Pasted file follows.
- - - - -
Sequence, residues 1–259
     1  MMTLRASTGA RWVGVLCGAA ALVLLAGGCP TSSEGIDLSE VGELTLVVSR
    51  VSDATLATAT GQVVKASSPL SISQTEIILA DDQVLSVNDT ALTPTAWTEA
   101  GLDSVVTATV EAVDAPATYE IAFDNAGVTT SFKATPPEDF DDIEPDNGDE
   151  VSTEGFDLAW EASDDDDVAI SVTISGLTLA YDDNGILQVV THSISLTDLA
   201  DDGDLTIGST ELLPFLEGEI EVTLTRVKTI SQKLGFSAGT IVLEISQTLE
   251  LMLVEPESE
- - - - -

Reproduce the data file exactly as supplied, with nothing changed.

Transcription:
Sequence, residues 1–259
     1  MMTLRASTGA RWVGVLCGAA ALVLLAGGCP TSSEGIDLSE VGELTLVVSR
    51  VSDATLATAT GQVVKASSPL SISQTEIILA DDQVLSVNDT ALTPTAWTEA
   101  GLDSVVTATV EAVDAPATYE IAFDNAGVTT SFKATPPEDF DDIEPDNGDE
   151  VSTEGFDLAW EASDDDDVAI SVTISGLTLA YDDNGILQVV THSISLTDLA
   201  DDGDLTIGST ELLPFLEGEI EVTLTRVKTI SQKLGFSAGT IVLEISQTLE
   251  LMLVEPESE